If whittled down to one line, he says, his area of passion and increasing expertise is in placental biology, infertility and preterm birth in the context of HIV, and increasingly, IVF and placental development in context of HIV and other infections.
Madadi didn’t know what his precise trajectory would look like, but he knew he was always interested in translational, ‘bench-to-bedside’ work, and being trained in both medicine and anatomy puts him in an ideal position to do so. His first international research presentation was in 2011, when he received a scholarship from the World Diabetic Congress to attend a meeting in Dubai and promote work he had done on certain vascular effects of diabetes while an intern medical officer in Nairobi.
His research refinement is an artful study of the importance of guided mentorship.
Growing up in a village in Vihiga County, bordering Kisumu, he attended a local primary school, then a nationally recognized secondary school, and was subsequently encouraged on to university – and then all those years of graduate school. Over the course of his education, Madadi learned 4 Kenyan languages and dialects, in addition to Swahili and English.
Though always interested in maternal health – particularly research of the vascular supply on uterine vessels – he hadn’t yet narrowed his work to HIV within that context.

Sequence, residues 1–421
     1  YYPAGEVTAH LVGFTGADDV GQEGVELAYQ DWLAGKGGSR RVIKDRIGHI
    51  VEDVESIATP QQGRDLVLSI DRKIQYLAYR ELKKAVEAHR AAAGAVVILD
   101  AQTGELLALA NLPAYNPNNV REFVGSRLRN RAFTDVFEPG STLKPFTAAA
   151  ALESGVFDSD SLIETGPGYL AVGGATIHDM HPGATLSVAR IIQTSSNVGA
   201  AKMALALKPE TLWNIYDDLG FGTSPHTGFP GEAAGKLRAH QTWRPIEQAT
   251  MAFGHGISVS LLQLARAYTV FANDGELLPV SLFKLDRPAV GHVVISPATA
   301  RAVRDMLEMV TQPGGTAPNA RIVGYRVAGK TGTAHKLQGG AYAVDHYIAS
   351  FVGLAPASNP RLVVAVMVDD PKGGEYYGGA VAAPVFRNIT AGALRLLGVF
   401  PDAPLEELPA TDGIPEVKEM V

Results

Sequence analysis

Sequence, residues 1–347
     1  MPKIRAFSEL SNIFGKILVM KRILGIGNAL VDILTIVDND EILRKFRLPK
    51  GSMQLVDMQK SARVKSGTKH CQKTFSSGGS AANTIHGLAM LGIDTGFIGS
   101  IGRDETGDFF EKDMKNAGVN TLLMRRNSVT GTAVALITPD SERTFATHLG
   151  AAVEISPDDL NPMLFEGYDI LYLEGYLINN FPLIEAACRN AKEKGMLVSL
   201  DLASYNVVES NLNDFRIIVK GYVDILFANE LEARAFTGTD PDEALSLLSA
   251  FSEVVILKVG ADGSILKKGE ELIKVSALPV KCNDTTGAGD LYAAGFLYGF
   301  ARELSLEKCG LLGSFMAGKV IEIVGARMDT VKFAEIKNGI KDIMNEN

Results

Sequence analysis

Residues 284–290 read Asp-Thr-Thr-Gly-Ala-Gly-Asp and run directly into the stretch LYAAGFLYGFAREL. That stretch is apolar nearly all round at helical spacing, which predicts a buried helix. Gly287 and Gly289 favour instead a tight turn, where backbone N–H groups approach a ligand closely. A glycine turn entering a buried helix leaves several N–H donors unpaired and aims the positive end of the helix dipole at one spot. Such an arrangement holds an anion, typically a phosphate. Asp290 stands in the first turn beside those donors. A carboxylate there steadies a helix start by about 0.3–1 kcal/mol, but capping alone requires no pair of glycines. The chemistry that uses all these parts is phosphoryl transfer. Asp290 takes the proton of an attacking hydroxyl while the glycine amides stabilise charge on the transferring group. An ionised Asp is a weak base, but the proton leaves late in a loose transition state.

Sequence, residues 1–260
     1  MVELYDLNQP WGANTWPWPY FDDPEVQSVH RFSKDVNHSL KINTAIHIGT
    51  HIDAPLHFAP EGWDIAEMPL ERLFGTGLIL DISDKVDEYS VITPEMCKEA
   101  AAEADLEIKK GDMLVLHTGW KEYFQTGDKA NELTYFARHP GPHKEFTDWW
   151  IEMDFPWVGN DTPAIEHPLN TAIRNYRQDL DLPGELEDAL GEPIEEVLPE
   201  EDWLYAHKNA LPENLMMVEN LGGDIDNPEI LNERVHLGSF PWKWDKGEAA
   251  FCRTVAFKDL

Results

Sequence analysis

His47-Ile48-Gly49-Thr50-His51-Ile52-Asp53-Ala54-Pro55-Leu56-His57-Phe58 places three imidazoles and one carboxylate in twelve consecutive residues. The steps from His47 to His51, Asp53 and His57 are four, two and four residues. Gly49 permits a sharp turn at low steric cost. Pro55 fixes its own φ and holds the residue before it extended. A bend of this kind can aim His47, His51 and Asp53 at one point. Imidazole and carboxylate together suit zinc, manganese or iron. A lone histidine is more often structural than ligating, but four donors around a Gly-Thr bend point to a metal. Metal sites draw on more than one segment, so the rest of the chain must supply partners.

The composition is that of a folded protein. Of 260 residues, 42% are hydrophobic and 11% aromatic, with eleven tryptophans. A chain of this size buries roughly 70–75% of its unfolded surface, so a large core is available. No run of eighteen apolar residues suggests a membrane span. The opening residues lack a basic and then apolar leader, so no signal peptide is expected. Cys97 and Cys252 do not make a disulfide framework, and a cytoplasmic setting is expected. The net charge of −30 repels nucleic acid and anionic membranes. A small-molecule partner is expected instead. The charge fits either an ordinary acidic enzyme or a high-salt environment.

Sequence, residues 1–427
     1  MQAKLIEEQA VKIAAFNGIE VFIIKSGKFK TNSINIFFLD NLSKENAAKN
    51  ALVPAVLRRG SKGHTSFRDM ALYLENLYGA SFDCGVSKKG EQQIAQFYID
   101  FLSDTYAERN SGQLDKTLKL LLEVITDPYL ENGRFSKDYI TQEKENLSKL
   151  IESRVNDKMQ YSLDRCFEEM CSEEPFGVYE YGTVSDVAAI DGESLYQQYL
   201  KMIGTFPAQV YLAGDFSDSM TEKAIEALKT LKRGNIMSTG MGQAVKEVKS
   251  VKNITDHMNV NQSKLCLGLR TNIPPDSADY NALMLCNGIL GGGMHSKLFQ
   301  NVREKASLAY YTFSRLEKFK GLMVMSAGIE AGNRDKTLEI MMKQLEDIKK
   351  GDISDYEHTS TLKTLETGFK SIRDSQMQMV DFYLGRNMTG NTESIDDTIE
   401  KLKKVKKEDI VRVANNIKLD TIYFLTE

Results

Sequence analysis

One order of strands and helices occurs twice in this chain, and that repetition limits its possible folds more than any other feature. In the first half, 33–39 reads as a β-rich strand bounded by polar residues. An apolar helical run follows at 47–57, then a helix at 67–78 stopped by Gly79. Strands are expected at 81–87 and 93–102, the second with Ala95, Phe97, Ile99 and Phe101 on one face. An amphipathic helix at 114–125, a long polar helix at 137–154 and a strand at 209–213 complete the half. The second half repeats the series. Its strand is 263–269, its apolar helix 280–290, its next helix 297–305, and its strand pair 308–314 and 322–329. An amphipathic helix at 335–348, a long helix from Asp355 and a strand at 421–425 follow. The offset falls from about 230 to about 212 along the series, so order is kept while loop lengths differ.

At a meeting at the University of Nairobi, he met UCSF obstetrician Dr. Craig Cohen, and over the course of a fruitful conversation, told him he was looking for more focused guidance. Cohen advised him on mentorship opportunities here at UCSF, even for an East African-based clinical researcher.
In 2015, he applied for a Center for AIDS Research International Mentored Scientist Award, with Cohen and Fisher as mentors, and was awarded funding for the work via the National Center of Excellence in Women’s Health. After generating promising data with his pilot project, he applied for a postdoctoral fellowship with the University of California Global Health Institute’s GloCal Fogarty Fellows program, which he was also awarded. This allowed him to continue his research on maternal health and HIV under the guidance of both his UCSF mentors, and University of Nairobi faculty members Professor Qureshi, Dr. Ong’ech, and Professor Ogeng’o. This then led to the PTBi fellowship, truly solidifying Madadi as part of the UCSF family.